Pitch Memory – I have developed two different pitch tests. The first tests immediate serial recall of pitch sequences that are built from 3 tones using a visual grid response (Williamson, Baddeley & Hitch, 2010). The second tests immediate list recognition of sequences of tones and uses an adaptive tracking method to give a measure of ‘memory span’ or how many tones can be held in memory (Williamson & Stewart, 2010). Both tests can be used by individuals with any degree of musical training (including none at all) and I am quite happy to provide the codes and materials for these tests on request.
Musical preferences -In 2012 a tool to create standardized music taste profiles was presented at ICMPC 12. It is called the Artist-based Music Profile (Ferrer, Eerola & Vuoskoski, 2012) and is based on research that shows when people talk about their musical taste and preferences over 80% of the dialogue is devoted to artists. Using this tool you can model and visualize musical preferences as well as explore semantic differentials in descriptions of musical characteristics. Have a play and enjoy! The Artist-based Music Preference Profiler is an application developed at the Finnish Centre of Excellence in Interdisciplinary Music Research.
Working memory – The Attention and Working Memory lab at the Georgia Institute of Technology have developed free scripts for several standard working memory tests including Operation Span and Reading Span. They work on a variety of platforms, you can find a link to the Eprime scripts here (just click on the ‘Tasks’ tab for other platforms). Anyone is free to use the tests but you will need to contact their webmaster for a password.
Various in Eprime – These are sample scripts, replicating classic, unique, or interesting studies in experimental psychology. They are intended both to demonstrate the results of the studies and to show what E-Prime can do as an experiment generation framework. They are free to download, though we ask that you credit this project if you use them in a public context. Scans of articles are only to be viewed on the browser in the context of fair use and not distributed. Thanks to Yanping Dong and her students at Guangzhou Foreign Studies University for reentering and rechecking the text of 20 of the classic studies.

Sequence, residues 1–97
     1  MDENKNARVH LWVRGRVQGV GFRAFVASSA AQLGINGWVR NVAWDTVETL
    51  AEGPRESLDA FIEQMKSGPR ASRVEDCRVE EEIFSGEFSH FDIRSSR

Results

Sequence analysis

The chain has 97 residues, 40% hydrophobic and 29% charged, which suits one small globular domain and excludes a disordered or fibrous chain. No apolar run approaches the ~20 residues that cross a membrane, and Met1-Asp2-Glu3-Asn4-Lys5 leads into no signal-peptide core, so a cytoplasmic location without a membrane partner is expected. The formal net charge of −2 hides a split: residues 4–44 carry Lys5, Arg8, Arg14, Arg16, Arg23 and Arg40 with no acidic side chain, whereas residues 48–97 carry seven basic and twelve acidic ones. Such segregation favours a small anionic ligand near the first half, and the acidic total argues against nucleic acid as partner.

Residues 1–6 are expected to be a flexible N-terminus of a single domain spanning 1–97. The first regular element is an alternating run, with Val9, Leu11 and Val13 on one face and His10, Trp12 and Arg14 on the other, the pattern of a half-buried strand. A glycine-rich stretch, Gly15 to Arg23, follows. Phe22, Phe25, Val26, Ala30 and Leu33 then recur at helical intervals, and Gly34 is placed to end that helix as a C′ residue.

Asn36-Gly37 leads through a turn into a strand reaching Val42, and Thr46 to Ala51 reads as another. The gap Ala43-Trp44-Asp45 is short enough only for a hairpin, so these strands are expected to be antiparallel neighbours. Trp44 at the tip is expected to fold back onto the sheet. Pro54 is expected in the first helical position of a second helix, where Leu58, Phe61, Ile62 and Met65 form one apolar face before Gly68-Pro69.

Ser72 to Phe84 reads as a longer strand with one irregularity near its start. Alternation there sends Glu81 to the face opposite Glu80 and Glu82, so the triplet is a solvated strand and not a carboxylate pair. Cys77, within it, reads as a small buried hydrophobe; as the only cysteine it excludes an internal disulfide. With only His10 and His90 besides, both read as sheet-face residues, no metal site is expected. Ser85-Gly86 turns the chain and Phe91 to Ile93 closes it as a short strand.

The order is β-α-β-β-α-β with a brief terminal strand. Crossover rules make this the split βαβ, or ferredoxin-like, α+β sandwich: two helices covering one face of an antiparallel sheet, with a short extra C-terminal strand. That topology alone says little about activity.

Music writing and imaging
MuseScore – is a free cross-platform WYSIWYG music notation program that offers a cost-effective alternative to commercial programs such as Sibelius, Finale and Capella.You can print engraved sheet music or save it as PDF or MIDI file. Works with Windows, Mac and Linux, and translated into 47 languages at present.
There are a number of useful educational apps that can be used to study brain structure and imaging. Theses include:
1) The Brain app, built by neuroscientists at the Institute of Psychiatry in London. It includes a Dissection Room and a Study Room. Great graphics! (£2.99)
2) 3D Brain, by the Cold Spring Harbor Laboratory, allows you to use your touch screen to rotate and zoom around 29 interactive structures. Discover how each brain region functions, what happens when it is injured, and how it is involved in mental illness. Each detailed structure comes with information on functions, disorders, brain damage, case studies, and links to modern research (Free)
3) Brain Tutor 3D by Rainer Goebel, uses rendered head and brain models that were created from magnetic resonance imaging (MRI) scans. This allows to look “inside” the head using real-time slicing. The program contains information about major parcellation schemes of the cerebral cortex, including lobes, gyri, sulci and Brodmann areas. (Free)